On April 3, 2020, the tow truck driver received a call from the code enforcement officer for the Town of Hilton Head Island, advising him that a vehicle was illegally parked on private property, “in contravention of the clearly posted ‘No Parking’ sign.”
The vehicle belonged to Martel’s brother, Brant Martel, according to the filing.
“When Mr. Miller arrived to perform the tow, Brant ran over to his vehicle, jumped inside of it yelled at Mr. Miller, ‘I am not paying you S**t,” and attempted to drive off by going the opposite direction on a dead-end street.”
Brant Martel returned to the tow truck because he was unable to exit through the dead-end street. He was advised by Mr. Miller that he was obligated to pay the “no-tow” arrival fee authorized by the Town of Hilton Head.
“Feeling that Brant was verbally abusive and combative, Mr. Miller alerted law enforcement.”
A deputy from the Beaufort County Sheriff’s Office arrived on the scene and eventually permitted Brant Martel to leave without paying the fee.
Later that day, Lauren Martel published three videos on YouTube. With two of the videos she included statements.
“Sheriff Officer Beaufort County SC, Town of Hilton Head Island and D&M Towing Hilton Head Island I, SC hold hostage family while trying to extort money. 3 videos Part 1: officer wrongly backing up tow truck owner …see Part 3 where Admit they were wrong ….Part 2 after scaring and blocking child and dog in on private road for over 30 min and threatening …”
“Part 3 video Beaufort SC Sheriff admits wrong after lengthy abuse, extortion and holding hostage young girl and dog and compliant tax payer.”
The lawsuit notes that the videos gained more than 12,000 views.
“Since the time of Ms. Martel’s publishing of the false and defamatory statements, Mr. Miller and D&M Towing have suffered numerous harassing calls and threats from YouTube viewers, including intimidating and harassing calls at all hours of the day and night; loss of revenue from business activities that would have otherwise been generated but for Ms. Martel’s defamatory statements …”
At the time of the incident, Lauren Martel’s YouTube channel had more than 2,600 subscribers. The videos appear to have been taken down.
In her answers to Miller’s complain, Martel asserted that she had the right to express her opinion and included counterclaims, accusing Miller of “abuse of process” and “civil conspiracy.”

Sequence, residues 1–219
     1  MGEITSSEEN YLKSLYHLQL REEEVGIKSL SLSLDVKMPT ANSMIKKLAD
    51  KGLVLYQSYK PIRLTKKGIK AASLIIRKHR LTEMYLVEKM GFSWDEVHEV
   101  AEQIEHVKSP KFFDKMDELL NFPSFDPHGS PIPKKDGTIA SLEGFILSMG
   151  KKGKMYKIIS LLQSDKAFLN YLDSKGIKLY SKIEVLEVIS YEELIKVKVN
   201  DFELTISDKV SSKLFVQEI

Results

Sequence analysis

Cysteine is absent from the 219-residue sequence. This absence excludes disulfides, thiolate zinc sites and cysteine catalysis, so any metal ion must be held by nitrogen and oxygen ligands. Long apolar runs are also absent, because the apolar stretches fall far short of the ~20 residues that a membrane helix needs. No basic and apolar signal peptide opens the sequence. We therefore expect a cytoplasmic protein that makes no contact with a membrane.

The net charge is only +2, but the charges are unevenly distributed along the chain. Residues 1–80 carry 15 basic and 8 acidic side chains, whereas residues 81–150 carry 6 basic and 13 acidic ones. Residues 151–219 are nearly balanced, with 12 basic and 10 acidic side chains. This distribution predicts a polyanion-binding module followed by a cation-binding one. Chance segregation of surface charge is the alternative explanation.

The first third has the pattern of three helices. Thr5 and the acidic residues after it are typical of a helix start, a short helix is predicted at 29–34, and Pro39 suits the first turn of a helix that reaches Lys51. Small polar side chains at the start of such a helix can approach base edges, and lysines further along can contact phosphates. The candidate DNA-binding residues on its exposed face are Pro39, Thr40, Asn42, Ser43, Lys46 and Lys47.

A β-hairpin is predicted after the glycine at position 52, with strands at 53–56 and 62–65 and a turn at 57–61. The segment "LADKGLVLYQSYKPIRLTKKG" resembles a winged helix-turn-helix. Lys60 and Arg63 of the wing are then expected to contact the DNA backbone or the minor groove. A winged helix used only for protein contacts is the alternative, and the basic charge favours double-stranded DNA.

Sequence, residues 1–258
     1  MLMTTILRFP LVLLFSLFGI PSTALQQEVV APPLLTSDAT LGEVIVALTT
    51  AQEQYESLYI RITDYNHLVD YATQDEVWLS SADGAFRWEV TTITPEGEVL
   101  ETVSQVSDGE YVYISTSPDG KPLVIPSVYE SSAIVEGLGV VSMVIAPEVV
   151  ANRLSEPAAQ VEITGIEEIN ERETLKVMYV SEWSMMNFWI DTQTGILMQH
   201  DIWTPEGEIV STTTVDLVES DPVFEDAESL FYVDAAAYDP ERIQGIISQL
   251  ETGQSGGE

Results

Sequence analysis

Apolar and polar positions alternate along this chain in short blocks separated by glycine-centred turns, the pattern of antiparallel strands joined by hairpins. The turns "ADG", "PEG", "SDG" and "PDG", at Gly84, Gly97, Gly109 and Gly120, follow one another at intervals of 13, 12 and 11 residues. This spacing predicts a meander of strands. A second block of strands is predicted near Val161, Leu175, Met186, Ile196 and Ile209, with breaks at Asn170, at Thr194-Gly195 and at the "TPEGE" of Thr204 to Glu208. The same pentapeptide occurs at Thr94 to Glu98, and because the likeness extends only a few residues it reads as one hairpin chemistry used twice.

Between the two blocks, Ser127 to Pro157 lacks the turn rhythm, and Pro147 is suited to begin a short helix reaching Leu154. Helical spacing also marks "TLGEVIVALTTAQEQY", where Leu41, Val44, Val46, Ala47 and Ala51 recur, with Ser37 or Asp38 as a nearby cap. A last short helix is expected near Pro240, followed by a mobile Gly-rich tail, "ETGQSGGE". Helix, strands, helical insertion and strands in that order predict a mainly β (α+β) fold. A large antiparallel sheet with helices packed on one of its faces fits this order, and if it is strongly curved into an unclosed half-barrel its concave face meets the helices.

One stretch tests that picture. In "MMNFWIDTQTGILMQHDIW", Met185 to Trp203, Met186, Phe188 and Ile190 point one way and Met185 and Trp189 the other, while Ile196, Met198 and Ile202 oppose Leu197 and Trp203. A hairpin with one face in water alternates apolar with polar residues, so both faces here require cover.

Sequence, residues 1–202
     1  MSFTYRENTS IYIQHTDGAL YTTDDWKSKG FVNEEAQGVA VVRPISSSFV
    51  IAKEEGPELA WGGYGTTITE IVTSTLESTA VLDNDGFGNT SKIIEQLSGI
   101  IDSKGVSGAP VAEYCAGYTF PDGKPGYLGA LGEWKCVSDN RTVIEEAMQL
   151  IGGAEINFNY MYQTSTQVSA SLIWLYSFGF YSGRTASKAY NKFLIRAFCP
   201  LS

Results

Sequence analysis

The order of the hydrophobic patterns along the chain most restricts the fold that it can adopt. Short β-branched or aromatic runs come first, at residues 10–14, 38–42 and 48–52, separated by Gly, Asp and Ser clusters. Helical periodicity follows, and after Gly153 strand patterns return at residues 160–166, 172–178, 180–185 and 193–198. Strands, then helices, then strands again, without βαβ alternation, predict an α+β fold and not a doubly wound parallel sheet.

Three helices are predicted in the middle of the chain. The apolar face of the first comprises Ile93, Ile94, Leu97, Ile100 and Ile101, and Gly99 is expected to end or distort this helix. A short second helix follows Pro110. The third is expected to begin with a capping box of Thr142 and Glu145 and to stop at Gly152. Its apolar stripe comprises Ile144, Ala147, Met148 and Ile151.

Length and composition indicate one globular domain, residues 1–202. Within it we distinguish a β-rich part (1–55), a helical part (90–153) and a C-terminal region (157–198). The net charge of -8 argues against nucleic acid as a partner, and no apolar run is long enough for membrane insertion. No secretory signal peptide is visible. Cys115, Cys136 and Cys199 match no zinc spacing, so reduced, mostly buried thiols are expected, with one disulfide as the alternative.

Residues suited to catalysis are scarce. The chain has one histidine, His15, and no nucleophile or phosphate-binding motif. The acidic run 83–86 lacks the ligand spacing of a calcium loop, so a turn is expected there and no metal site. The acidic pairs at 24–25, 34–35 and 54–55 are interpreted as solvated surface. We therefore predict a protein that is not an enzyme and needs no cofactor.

In December, Miller’s lawsuit was dismissed prior to mediation. It is not clear what, if any, settlement was reached with Martel.
A month later, Martel announced her intention to run against South Carolina Attorney General Alan Wilson in the Republican primary.
Bid For Attorney General
On Jan. 24, FITSNews founding editor Will Folks was first to report Martel’s announcement to run for state Attorney General.
Martel is affiliated with the mySCGOP.com movement, an effort to remake the S.C. “Republican” party and seize the mantle of the “Make America Great Again” movement founded by former President Donald J. Trump.
Her candidacy so far appears to be largely fueled by pandemic-related rhetoric.
“The issue of our time is ending the civil liberties violations of Covid tyranny and restoring medical freedom for all people in South Carolina,” Martel said in her announcement. “Our elected officials, particularly our Republican elected officials such as attorney general Alan Wilson, have not protected the citizens of South Carolina from this onslaught against their liberties. I’m running because I will.”
ABOUT THE AUTHOR …
Liz Farrell is the new executive editor at FITSNews. She was named 2018’s top columnist in the state by South Carolina Press Association and is back after taking a nearly two-year break from corporate journalism to reclaim her soul. Email her at email@example.com or tweet her @ElizFarrell.